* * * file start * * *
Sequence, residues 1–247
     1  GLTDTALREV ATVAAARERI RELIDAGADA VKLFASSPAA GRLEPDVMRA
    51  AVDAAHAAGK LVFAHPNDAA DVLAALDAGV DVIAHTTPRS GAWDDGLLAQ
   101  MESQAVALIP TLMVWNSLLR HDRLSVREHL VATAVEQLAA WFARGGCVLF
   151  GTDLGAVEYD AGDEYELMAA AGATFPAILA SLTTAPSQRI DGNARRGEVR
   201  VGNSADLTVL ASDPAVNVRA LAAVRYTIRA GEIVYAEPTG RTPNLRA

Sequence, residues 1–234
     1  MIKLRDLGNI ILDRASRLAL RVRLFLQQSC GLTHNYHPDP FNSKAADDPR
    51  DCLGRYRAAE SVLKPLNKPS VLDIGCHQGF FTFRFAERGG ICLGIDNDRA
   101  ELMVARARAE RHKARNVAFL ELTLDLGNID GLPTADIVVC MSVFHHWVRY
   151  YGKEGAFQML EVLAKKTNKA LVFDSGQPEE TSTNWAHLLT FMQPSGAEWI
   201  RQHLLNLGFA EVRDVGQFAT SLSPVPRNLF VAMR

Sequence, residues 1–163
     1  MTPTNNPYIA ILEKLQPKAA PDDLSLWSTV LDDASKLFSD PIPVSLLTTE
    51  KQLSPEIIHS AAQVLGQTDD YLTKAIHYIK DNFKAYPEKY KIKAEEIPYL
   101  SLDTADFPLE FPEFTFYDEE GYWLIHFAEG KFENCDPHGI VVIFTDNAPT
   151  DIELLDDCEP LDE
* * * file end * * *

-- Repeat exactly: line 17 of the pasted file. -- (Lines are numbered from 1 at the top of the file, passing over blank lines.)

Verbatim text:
   151  DIELLDDCEP LDE